Perseveration (pronounced: per•sev•er•a•tion) is the repetition of a particular response such as a word, phrase, ritual, or gesture (The American Heritage® Dictionary of the English Language, Fourth Edition). An example of this would be if a child fears the vacuum and continually asks if it is put away. Another example, which I see regularly is an apparent “obsession” with cars and/or trains, specifically with television/movies and/or the actual toy. Perhaps a child will ONLY play with his train set and when he plays with it he is uninterested in anything else, playing with it for hours on end.
Immediate echolalia is just that, immediate. For example, if I say “do you want to play with cars?” An immediate echolalic response would be, “do you want to play with cars?” Rather than answering the question, the child simply “echos” the question. Is is possible this response is due to lack of understanding, delayed processing, and/or an inability to formulate an appropriate response.
Delayed echolalia… yep you guessed it… is delayed repetition of a word or phrase. Many times this is evident in the repetition of television commercials, movie lines, and/or parental reprimands. A couple of common examples are reciting entire scenes from Cars (the movie) or blurting out “you better not” randomly and/or inappropriately.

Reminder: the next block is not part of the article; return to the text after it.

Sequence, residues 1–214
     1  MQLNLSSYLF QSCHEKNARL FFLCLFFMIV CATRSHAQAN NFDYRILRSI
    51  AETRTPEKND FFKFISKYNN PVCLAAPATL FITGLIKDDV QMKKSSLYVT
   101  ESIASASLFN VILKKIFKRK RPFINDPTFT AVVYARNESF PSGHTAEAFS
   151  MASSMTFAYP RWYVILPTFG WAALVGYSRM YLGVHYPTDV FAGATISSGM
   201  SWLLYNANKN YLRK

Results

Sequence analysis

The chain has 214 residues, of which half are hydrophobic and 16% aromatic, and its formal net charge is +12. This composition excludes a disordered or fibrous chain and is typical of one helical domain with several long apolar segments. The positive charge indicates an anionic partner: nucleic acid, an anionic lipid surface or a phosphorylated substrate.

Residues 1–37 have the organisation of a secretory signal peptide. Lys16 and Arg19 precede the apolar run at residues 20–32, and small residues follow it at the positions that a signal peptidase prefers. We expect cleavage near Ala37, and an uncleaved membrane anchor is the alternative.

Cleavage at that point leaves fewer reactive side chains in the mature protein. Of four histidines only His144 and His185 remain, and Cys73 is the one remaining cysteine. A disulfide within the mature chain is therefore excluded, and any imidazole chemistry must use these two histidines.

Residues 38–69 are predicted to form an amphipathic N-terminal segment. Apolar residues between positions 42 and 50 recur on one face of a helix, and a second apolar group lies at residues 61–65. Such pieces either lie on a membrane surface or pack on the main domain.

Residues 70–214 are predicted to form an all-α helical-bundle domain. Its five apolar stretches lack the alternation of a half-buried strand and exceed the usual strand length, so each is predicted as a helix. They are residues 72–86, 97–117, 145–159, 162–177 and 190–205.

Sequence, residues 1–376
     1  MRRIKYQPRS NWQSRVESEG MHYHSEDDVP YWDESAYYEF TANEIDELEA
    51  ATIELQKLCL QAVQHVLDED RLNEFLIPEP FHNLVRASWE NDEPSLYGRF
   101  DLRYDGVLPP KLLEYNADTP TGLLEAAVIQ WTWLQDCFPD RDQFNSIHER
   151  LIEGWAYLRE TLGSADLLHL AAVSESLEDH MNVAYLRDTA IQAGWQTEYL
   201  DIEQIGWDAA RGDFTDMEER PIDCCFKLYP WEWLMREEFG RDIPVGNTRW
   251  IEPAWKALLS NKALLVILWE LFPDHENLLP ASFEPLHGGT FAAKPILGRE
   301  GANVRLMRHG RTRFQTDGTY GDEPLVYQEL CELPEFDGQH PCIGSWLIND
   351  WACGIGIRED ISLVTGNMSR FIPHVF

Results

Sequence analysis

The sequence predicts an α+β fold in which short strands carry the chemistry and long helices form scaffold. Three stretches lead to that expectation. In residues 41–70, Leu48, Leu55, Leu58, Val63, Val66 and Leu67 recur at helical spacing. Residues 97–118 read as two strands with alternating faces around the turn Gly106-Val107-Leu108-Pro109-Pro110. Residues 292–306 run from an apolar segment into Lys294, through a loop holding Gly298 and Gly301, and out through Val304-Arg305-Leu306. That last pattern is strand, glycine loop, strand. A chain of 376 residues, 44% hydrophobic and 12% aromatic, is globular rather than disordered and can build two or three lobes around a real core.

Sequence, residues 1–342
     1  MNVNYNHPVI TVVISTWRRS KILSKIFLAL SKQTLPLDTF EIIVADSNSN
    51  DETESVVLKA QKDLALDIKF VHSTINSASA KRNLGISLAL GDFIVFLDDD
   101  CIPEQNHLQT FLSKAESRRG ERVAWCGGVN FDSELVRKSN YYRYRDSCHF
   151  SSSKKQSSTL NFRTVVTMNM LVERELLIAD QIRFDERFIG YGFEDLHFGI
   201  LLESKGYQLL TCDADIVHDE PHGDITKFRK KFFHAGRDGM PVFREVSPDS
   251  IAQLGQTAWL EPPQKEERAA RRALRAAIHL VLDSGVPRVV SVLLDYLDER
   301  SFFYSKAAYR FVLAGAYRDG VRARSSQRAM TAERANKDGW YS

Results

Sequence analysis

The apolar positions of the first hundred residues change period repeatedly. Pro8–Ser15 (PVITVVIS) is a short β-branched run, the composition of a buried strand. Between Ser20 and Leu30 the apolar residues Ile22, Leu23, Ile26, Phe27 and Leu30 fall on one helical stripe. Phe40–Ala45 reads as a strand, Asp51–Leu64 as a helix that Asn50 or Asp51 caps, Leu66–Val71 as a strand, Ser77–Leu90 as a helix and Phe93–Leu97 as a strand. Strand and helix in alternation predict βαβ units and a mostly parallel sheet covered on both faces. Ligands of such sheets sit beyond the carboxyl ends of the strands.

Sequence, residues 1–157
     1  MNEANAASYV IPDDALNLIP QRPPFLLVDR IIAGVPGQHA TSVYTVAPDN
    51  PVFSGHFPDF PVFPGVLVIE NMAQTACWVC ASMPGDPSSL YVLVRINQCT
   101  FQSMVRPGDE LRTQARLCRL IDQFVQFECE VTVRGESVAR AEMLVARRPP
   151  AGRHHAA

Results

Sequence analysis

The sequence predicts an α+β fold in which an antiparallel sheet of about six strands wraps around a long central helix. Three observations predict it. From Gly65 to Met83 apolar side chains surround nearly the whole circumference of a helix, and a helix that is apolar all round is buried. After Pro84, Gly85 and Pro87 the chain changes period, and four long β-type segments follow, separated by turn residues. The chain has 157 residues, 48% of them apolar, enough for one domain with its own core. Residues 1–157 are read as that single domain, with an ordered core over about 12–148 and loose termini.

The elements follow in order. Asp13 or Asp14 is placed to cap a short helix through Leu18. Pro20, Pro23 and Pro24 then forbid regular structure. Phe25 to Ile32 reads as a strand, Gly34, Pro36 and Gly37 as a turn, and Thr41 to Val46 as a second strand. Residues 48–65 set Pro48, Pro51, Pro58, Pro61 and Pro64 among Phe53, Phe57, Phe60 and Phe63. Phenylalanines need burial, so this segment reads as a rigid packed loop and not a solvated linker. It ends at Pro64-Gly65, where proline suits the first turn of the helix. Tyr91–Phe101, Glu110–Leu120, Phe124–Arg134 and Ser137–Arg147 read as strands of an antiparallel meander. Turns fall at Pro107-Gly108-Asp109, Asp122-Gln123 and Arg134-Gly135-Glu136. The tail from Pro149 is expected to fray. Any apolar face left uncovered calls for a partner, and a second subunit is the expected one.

Perseveration and echolalia are common among children and adults with an Autism Spectrum Diagnosis; however, many children and adults have these symptoms and are not on the spectrum.
Some perseverations are tolerable while others should be addressed by an occupational and/or speech-language pathologist. Typically, I address them when they are socially inappropriate and/or they are impeding the child’s developmental progress. Echolalia can be very beneficial. In fact, it is a developmental stage almost all children use to learn vocabulary and communication. The identification of disordered echolalia is important because we do not want to impede the application of useful echolalia. Some echolalia must be harnessed in treatment, while other echolalia is eliminated or modified.
If you have concerns about perseveratory behaviors or echolalic speech, talk to your speech-language pathologist and/or occupational therapist today.
- Amy Grant, M.S., CCC-SLP